The hardiness zones are set at 10 degree F intervals. Zone 10 is between 30F and 40F, zone 11 is between 40F and 50F. If you're only just in zone 11 then you're not much different to where it's the top of zone 10.
Remember, this cold weather will go into the records and be used to calculate zones. It's based on average lowest temperatures. It's a statistical calculation.
The zone system is calculated and set by the USDA. They use the data from weather stations around the USA. I don't know where "Christiansted, VI" fits in or where it actually is, you'd have to go back through the official meteorological records there to be able to make the calculations. For the USA the USDA has already done it. But it's not fool-proof, there are microclimates near weather stations which could be above or below what the official records state. It's still an imperfect guide, but the best they've been able to come up with. Other parts of the world are adopting the same scale for consistency. Nothing gets below zone 1, and it's easy to add numbers at the other end.
There are all sorts of micro climates on this island, dry and cactus on the east end, the wind comes from the east, and very wet and green on the west side. Salty in a lot of places, and cool at higher elevations. Very interesting.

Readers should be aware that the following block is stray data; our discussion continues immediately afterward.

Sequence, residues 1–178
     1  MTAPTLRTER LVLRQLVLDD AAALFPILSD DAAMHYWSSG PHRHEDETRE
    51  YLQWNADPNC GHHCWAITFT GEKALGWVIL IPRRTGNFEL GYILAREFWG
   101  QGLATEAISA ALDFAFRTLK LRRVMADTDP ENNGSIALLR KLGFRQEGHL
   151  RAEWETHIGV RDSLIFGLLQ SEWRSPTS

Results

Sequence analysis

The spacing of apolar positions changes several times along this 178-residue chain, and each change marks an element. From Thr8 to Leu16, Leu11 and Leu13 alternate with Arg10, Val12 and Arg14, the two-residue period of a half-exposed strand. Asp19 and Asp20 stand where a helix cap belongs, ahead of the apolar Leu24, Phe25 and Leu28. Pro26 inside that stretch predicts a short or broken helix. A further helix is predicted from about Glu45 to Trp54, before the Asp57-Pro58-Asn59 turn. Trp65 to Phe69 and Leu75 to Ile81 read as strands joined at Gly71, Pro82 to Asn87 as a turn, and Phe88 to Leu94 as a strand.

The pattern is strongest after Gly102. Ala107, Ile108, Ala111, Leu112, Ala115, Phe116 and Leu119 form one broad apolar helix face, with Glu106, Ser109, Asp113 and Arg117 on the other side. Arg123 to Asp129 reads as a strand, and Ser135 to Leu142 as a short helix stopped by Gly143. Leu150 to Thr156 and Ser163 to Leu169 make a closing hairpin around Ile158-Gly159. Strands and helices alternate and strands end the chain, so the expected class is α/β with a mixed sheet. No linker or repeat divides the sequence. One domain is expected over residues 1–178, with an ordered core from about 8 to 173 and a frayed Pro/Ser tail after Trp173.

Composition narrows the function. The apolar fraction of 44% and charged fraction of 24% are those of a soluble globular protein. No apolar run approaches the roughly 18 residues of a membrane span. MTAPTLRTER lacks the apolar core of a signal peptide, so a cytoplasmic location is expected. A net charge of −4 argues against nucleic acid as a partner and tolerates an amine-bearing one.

Just no chilling for berries and fruits like apples and pears and raspberries. I did see one grapevine on an island 400 miles south of here, Bonaire. It may have been a Muscadine.
That system is based on coldness. There's another system called "Heat Zone" based, of course, on how hot a place gets (consistantly hot). It's not used much as most people are more worried about getting plants 'fried' by cold rather than fried by heat. If you're on an island the temperatures are moderated, you don't get so low in the cold zone and not so high in the heat zone.
I searched on the weather underground site for Christiansted, VI
. Not a lot on their records. You're further from the equator than us, but we're not an island. Seems you have consistently less rain right through the year, we have much more rain only for half the year, no rain the other half. Not having high mountains means your rain blows right past most of the time. High mountains would force the humid air up to higher, colder altitudes and cause precipitation. However, atmospheric vortexes with the help of warm seas will lift moisture into higher altitudes (possibly form cyclones) and also give you precipitation. Similar happens here, but because of our high temperatures sea breezes are also drawn inland and up into the higher altitudes causing storms which eventually make their way back to the coast. Weather is a fascinating subject.